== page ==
I was invited by Englewood Review of Books to write a review of Juanita Campbell Rasmus’s “Learning to Be: Finding Your Center after the Bottom Falls Out.” You can read my review below, or find it on their website here: Juanita Campbell Rasmus – Learning to Be [Review]
Juanita Campbell Rasmus – Learning to Be [Review]
Reviewed by James Laurence
In August of 2020, a year that was like no other, former First Lady Michelle Obama shared that she was suffering from a “low-grade depression.” She named the pandemic, race relations in the U.S., and the political strife surrounding it all as contributing to her depression. When many of us heard this, we were more relieved than surprised, as it sounded all too familiar. In fact, a Census Bureau Survey found that one in three of us are experiencing symptoms of depression or anxiety this year.
This is one of the reasons why I am thankful for Juanita Campbell Rasmus’s new book, Learning to Be: Finding Your Center after the Bottom Falls Out. This book takes “a contemplative look at the journey of depression,” as Juanita Campbell Rasmus describes it, and offers its readers a number of spiritual practices that can be helpful for anyone living with mental health challenges. This is a book for our time, in other words, written by someone who has been there, learned from her experience, had time to reflect on it, and is now sharing her hard-earned wisdom with the rest of us. For anyone who feels as though the bottom has fallen out, and there are more and more of us that feel that way this year, this is a book to open with gratitude.
Pastor Juanita calls her major depressive episode “the crash,” and describes it in vivid detail. But there are many books written by people who have lived through depression, so what makes this one different? What I find helpful is the way in which Pastor Juanita integrates medical science and spirituality. She takes for granted that someone with a major depressive episode will be under psychiatric care and will be working with a therapist, and by taking it for granted, she normalizes it. And with those things assumed, Pastor Juanita shares her journey into discovering the spiritual component of her depression.
If all things work together for good for those who love God, as scripture assures us, then what good might God bring out of depression? In Pastor Juanita’s case, it was a “dark night of the soul” that was for her the beginning of freedom, and which led her to share her story. As she puts it: “I chose to share my story because all too often in Western culture, and especially in the church, we are reticent to discuss mental health along with the related spiritual implications.” In my experience, she is exactly right. Mental health, like many other issues, too often falls victim to the “science versus religion” divide. Depression is either viewed as a spiritual problem that can be treated solely with prayer, or as a health problem that can be treated solely with medication and therapy. Why can’t it be both – a health problem that has spiritual implications?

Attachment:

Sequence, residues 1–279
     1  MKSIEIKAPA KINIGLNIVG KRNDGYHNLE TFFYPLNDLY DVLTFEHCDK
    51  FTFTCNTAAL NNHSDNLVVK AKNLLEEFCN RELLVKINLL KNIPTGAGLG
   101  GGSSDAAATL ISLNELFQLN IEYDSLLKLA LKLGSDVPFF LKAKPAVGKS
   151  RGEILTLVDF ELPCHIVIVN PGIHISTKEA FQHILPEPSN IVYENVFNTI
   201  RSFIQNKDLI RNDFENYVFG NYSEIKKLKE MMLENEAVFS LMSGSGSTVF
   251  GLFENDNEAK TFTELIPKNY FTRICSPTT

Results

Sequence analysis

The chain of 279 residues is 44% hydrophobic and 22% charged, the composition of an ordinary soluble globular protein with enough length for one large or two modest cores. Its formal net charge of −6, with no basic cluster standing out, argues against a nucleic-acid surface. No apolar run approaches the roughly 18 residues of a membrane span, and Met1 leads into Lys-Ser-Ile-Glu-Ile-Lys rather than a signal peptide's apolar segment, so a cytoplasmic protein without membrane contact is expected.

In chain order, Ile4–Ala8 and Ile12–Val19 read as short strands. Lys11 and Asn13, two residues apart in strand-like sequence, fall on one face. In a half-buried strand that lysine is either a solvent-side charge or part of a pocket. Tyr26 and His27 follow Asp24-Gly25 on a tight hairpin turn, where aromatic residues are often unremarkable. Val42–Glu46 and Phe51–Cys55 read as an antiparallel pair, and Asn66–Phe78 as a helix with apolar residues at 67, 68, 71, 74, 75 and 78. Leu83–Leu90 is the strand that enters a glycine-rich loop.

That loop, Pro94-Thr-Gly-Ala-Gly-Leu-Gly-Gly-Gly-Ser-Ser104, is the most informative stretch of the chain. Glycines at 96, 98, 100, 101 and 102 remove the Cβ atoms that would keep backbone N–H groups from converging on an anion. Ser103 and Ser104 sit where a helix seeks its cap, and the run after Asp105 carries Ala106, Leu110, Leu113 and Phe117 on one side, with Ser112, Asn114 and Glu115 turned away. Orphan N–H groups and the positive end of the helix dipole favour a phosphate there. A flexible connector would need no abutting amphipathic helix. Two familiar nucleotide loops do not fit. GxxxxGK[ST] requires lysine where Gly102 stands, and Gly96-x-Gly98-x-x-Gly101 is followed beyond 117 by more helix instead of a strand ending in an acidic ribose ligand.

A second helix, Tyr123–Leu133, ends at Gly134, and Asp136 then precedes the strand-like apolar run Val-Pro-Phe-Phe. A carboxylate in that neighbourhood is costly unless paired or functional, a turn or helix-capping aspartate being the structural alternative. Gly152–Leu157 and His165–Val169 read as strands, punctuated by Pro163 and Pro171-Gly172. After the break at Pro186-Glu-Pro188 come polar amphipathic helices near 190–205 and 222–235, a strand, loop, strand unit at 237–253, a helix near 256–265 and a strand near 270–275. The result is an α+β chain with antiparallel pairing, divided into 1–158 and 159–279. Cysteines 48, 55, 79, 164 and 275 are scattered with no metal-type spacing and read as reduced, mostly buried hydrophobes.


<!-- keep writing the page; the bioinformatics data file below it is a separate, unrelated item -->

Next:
But what does that mean, in practical terms? Each chapter of this book concludes by addressing this very question, offering a “pause to reflect” section that invites readers to reflect on their own spiritual journeys. She encourages her readers to use the practice of examen as they read her book, “by reflecting each day in a journal or perhaps on your phone by asking yourself, What gave me life, awakened me, or moved me in this reading or during the day? Or How did I experience love? Jot it down. Next ask, What challenged me, left me puzzled, or stirred me? Where did I feel the absence of love? Jot it down. Then, after reflecting on both, give thanks for the awareness that each offered.” Her subsequent “pause to reflect” sections include encouragement to reflect on the role we played in our family system, to learn more about our personality through the Enneagram, to manage our daily stress through simple breathing exercises, and to reflect on what God is saying to us through the ancient monastic practice of lectio divina.
Pastor Juanita also spends time exploring the ways in which her personal situation in life affected her journey through depression, including her being a pastor, a woman of color, and a mother. She tells her story honestly and specifically, but in such a way that invites her readers to contemplate their own story.
Towards the end of her fine book, Pastor Juanita writes: “I see now that I had built my life on my own and only occasionally opened a window to God’s grace and transformative influence on me. I know God was seeking a deeper relationship with me. Now I am so very grateful that I know the robust fullness of the presence of God available to me in the vast hollowness that was depression.” This approach offers us all a way to reframe this year, and to look for the ways in which God is using this year’s challenges to seek a deeper relationship with us. This is a book that I found both meaningful and helpful to me personally, and one that I will be recommending to those around me living with depression or other mental health challenges, and to all have loved ones living with these challenges. In this year that has been like no other, the wise and heartfelt writing of Juanita Campbell Rasmus will be a blessing to all who desire to open the window a little wider to “God’s grace and transformative influence.”